Heritage Baptist, where I have been Interim Pastor for almost two years, recently called their next settled Sr. Pastor.  He is Scott Shelton from Athens, TX.  I had the pleasure of meeting with Scott when he came for his candidating weekend.  Though we are very different people, I believe that he will do a good job; and I believe like Paul (yes, I'm agreeing with Paul) that 'one plants, one waters, but it is God who will yield the harvest.'  Scott and I, like Paul and Apollos, are field hands, hired help in bringing in the Kingdom.  We each have a job to do.  Mine is ending.  His is beginning.

But leaving is hard.  Even in good situations like this one, there is grief.  I am allowing myself to feel that grief and to share it when appropriate.  I've come to love much about Heritage.  Carole and I have made friends here.  I've worked with two incredible fellow ministers in the Revs Skye Hallman McQuillan and Dr. Ralph Manuel.  They've set a really high bar for teamwork and collegiality.  I am grateful for them both.
I've gotten to go to Passport for two years with our youth group and to work with VBS for two years.  The youth and children here have become family.  I've watched the young adults participation increase and have found new fishing buddies in all age groups.  One of our Deacons even started teaching me to fly fish.  Leaving is hard.  There are things we've accomplished; but it is the relationships that I will miss the most.

Then there is the waiting............and waiting..........and.......you get the picture.  I have no idea what comes next.  What does God have in mind?  Another Interim?  A settled pastorate?  A break? (Lord knows what I'd do. My practice has been a small part of my work life for the last 3 years).  These are questions that I ask myself as I box up the books in my office.  If God has given you any messages to pass along, leave them in the comments section :).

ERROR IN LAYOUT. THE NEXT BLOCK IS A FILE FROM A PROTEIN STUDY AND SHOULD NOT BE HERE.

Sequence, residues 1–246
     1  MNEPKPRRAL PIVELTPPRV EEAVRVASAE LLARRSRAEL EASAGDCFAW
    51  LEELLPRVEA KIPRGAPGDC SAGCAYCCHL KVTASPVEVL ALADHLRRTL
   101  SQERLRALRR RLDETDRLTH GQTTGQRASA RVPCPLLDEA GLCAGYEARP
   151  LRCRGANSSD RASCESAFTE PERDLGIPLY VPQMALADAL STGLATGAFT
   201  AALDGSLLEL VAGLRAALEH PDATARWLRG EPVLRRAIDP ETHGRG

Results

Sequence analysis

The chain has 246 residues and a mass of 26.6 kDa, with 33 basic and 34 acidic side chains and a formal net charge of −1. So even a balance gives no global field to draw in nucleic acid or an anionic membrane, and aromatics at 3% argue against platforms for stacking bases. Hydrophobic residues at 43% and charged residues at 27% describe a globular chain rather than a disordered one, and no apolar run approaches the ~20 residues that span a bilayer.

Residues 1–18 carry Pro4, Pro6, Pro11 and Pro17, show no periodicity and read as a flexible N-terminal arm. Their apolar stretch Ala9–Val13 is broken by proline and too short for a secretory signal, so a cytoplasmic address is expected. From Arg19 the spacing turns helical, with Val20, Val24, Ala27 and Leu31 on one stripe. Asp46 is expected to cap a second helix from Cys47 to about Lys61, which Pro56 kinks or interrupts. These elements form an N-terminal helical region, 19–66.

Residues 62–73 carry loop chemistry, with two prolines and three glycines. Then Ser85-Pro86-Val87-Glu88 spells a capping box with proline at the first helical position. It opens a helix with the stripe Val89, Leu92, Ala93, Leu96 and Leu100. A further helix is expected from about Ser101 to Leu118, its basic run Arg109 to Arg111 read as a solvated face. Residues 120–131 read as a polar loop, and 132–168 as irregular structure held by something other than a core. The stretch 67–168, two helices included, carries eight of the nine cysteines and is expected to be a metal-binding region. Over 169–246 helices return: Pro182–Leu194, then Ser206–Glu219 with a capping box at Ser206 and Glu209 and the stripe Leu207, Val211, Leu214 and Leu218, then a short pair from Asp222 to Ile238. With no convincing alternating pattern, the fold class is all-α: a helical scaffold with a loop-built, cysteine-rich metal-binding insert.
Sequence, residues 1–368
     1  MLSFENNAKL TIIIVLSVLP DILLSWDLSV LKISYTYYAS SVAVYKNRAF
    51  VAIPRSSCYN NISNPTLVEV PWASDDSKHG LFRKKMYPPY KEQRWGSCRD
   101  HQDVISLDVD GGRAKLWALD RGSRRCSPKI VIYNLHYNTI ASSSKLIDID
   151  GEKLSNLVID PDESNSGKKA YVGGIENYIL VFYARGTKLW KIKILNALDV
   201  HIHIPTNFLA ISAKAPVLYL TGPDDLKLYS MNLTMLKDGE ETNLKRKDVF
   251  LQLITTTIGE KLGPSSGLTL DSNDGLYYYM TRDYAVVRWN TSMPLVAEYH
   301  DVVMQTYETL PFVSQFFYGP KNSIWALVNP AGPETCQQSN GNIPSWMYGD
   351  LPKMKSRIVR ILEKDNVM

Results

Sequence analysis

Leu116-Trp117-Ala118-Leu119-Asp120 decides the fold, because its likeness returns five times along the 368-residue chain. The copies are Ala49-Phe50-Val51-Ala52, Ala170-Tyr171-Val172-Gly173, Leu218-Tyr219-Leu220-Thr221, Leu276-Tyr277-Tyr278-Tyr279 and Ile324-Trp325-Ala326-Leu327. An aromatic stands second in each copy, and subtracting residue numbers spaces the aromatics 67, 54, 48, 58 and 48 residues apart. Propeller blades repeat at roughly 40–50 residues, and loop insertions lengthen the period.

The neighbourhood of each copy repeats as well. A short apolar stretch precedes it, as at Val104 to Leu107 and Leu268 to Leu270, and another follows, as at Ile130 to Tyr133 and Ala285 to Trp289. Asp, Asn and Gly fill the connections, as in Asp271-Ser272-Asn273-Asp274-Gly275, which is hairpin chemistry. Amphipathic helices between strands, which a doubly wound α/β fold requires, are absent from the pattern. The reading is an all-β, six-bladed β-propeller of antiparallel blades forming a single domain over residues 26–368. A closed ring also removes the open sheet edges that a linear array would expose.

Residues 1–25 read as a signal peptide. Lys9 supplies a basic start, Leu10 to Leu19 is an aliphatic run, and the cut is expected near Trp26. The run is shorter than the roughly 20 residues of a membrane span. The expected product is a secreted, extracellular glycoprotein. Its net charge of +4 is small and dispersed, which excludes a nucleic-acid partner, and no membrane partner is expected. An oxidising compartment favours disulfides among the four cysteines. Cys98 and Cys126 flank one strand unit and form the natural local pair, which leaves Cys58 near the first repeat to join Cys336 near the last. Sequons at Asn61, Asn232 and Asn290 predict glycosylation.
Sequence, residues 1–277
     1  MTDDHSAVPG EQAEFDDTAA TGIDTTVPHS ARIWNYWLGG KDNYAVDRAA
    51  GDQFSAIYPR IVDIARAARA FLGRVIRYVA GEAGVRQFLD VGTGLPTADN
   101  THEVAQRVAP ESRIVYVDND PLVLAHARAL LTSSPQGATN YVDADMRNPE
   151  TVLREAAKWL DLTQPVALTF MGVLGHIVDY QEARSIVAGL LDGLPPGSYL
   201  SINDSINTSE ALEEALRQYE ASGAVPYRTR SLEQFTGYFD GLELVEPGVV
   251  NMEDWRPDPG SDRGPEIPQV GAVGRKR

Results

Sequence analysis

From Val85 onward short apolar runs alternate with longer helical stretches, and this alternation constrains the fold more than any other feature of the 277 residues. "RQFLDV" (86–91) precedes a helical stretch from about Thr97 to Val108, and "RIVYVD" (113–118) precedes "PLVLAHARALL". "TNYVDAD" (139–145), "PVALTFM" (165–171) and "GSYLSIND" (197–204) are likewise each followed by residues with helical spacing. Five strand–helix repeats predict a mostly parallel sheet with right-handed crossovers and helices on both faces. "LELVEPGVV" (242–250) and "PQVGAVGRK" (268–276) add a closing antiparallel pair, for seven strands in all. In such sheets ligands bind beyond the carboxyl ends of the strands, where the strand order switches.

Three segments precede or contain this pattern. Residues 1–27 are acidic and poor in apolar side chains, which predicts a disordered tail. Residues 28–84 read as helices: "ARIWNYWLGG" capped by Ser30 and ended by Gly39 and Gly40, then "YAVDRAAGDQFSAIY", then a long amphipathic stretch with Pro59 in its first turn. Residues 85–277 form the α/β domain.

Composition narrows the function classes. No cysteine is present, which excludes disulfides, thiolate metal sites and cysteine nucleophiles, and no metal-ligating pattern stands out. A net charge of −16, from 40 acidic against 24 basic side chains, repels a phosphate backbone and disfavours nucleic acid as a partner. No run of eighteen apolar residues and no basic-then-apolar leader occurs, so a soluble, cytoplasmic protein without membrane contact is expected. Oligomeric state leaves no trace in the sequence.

My age is an issue.  I'm not old yet (at least not in my own mind), but I'm aware that if I were to be called to a settled pastorate and stayed for 10-12 years, it would probably be my last full time pastorate.  That gives me pause.  It makes me think about my life and my life in ministry.  It makes me think about successes and devastating mistakes.  It makes me put it all in God's hands and trust that God will reap the harvest.

In a recent sermon I used the image of a trapeze artist hanging out between two trapezes.  That's where I am.  Hanging out.  Waiting.  Trying to say goodbye in a way that is healthy and makes my next hello healthy as well.  That's where I am.  I covet your prayers.

Thanks for letting me share.
Shalom

Sunday, April 3, 2016

Collateral Inmates

They come every week;
Saturdays mostly, 

              sometimes Sunday.
They step off the bus that drives them to the gate
  or park old cars, often borrowed
          from friends or parents
in the lot where toddlers and small children
   tumble out of vehicles
like dice from a shaken cup.
Young mothers with babies on breast or hip
     sullen teens pulled away from weekends
            elderly parents, faces lined with shame.
Inmates come to visit inmates.
Sometimes
     if it weren't for the glass partition
           and the regulation dress code,
Just looking at the faces
      you couldn't tell
   who will go home when the visiting hours are over
         and who will go back to the cell block